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Pope extends special Year of Mercy provisions on confession


  • Pope Francis presents his apostolic letter, "Misericordia et Misera," (Mercy and Misery) to a woman in a wheelchair at the conclusion of the closing Mass of the jubilee Year of Mercy in St. Peter's Square at the Vatican Nov. 20. In the letter the pope called for several special initiatives begun during the Year of Mercy to continue on a permanent basis. (CNS photo/Paul Haring)
  • Pope Francis presents his apostolic letter, "Misericordia et Misera," (Mercy and Misery) to family members from the United States at the conclusion of the closing Mass of the jubilee Year of Mercy in St. Peter's Square at the Vatican Nov. 20. In the letter the pope called for several special initiatives begun during the Year of Mercy to continue on a permanent basis. (CNS photo/Paul Haring)
  • Pope Francis presents his apostolic letter, "Misericordia et Misera," (Mercy and Misery) to nuns from Mexico and South Korea at the conclusion of the closing Mass of the jubilee Year of Mercy in St. Peter's Square at the Vatican Nov. 20. In the letter the pope called for several special initiatives begun during the Year of Mercy to continue on a permanent basis. (CNS photo/Paul Haring)
  • Pope Francis signs an apostolic letter, "Misericordia et Misera," (Mercy and Misery) after celebrating the closing Mass of the jubilee Year of Mercy in St. Peter's Square at the Vatican Nov. 20. In the letter the pope called for several special initiatives begun during the Year of Mercy to continue on a permanent basis. (CNS photo/Paul Haring)
  • A mosaic of St. Augustine's sermon about Jesus' encounter with the woman caught in adultery, top, is seen at St. John Paul II National Shrine in Washington Nov. 21. (CNS photo/Tyler Orsburn)
  • A mosaic of St. Augustine's sermon about Jesus' encounter with the woman caught in adultery is seen at the St. John Paul II National Shrine in Washington Nov. 21. (CNS photo/Tyler Orsburn)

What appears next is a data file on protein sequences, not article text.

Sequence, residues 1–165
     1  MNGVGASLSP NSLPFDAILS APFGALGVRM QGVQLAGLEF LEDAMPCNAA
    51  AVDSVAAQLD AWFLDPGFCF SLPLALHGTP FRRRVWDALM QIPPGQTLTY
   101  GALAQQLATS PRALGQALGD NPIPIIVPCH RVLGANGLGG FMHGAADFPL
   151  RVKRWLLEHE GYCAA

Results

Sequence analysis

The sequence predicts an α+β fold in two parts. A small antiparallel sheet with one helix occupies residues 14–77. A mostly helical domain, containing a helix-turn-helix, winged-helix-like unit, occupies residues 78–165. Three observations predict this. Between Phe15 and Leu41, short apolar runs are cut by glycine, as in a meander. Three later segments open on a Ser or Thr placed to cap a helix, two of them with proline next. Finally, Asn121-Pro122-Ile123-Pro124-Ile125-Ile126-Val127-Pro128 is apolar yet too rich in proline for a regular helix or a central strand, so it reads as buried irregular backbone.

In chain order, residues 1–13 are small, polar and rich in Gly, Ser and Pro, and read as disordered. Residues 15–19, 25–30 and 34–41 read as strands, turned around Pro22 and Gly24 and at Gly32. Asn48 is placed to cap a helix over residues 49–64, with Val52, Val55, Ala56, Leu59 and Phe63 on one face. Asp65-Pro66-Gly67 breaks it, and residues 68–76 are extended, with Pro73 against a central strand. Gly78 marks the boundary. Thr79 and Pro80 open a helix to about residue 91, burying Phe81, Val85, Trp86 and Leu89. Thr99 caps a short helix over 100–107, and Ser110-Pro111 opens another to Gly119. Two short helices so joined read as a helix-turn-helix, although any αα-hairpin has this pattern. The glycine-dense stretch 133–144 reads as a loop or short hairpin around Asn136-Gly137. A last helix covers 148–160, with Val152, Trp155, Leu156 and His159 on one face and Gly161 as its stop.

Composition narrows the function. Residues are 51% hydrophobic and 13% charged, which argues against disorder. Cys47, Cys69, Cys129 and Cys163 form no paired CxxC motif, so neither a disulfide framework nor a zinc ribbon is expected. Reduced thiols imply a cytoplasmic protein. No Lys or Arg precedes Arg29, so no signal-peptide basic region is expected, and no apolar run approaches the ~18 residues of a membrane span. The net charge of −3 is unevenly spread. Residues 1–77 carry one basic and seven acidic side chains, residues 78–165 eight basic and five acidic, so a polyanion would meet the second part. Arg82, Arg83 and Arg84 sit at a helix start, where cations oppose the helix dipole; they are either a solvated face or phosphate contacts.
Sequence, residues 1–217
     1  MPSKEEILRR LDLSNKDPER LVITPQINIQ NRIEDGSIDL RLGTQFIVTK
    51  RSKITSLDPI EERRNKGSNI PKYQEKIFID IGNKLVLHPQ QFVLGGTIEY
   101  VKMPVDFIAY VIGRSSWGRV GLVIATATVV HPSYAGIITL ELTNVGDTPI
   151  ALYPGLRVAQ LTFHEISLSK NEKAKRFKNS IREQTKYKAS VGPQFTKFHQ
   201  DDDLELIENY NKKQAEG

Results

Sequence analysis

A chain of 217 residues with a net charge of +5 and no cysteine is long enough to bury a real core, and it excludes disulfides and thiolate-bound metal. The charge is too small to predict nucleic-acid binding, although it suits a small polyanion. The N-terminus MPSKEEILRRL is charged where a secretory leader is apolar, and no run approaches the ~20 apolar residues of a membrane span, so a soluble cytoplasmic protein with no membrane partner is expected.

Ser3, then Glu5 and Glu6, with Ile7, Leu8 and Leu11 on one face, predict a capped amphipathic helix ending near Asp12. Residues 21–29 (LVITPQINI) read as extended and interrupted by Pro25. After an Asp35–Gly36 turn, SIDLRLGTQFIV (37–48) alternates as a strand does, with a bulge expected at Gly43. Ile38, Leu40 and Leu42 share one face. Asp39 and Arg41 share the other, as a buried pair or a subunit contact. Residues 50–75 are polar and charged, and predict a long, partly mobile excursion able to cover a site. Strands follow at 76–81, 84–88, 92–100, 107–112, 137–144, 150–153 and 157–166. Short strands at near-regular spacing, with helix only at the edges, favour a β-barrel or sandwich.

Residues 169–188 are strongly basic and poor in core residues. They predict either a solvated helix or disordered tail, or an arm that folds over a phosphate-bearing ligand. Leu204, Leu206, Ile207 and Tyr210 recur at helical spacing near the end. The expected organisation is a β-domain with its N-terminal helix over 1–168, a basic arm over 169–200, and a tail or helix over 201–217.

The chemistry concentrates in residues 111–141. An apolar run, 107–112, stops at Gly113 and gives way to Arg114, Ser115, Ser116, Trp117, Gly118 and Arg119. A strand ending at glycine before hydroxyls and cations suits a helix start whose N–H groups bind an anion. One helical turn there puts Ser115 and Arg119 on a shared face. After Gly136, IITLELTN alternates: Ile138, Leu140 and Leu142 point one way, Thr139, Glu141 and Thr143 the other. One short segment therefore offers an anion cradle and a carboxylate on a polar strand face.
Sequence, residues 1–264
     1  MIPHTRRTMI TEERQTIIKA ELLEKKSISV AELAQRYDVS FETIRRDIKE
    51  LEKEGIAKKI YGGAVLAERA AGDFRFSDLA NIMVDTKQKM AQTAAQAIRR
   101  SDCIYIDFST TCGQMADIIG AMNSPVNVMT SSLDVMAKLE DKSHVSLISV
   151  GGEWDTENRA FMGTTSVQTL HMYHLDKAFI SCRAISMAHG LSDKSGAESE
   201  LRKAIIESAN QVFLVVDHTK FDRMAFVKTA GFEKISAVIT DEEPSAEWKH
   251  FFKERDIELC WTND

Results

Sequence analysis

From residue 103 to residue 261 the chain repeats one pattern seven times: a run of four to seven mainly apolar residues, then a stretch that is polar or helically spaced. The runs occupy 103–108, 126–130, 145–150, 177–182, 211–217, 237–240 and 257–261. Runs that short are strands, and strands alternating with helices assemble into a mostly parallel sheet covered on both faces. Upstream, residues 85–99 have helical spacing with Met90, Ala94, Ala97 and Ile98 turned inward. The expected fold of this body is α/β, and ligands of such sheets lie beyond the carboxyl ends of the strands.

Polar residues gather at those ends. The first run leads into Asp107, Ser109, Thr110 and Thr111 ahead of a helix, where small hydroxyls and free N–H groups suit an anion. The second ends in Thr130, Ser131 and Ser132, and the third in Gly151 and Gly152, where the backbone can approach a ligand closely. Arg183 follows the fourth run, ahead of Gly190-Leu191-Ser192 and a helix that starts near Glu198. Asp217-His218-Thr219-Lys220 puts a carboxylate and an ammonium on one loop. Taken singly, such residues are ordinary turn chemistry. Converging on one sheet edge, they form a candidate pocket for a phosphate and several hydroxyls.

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VATICAN CITY (CNS) -- Acknowledging and sharing God's mercy is a permanent part of the Christian life, so initiatives undertaken during the special Year of Mercy must continue, Pope Francis said.

"Mercy cannot become a mere parenthesis in the life of the church," the pope wrote in an apostolic letter, "Misericordia et Misera," ("Mercy and Misery"), which he signed Nov. 20 at the end of the Year of Mercy. The Vatican released the text the next day.

The Catholic Church's focus on God's mercy must continue with individual acts of kindness, assistance to the poor and, particularly, with encouraging Catholics to participate in the sacrament of reconciliation and making it easier for them to do so, the pope wrote.

In his letter, Pope Francis said he formally was giving all priests permanent permission to grant absolution to those who confess to having procured an abortion. While many bishops around the world, and almost all bishops in the United States, routinely grant that faculty to all their priests, Pope Francis had made it universal during the Holy Year.

According to canon law, procuring an abortion brings automatic excommunication to those who know of the penalty, but procure the abortion anyway. Without formal permission, priests had been required to refer the case to their bishops before the excommunication could be lifted and sacramental absolution could be granted to a woman who had an abortion or those directly involved in the procedure.

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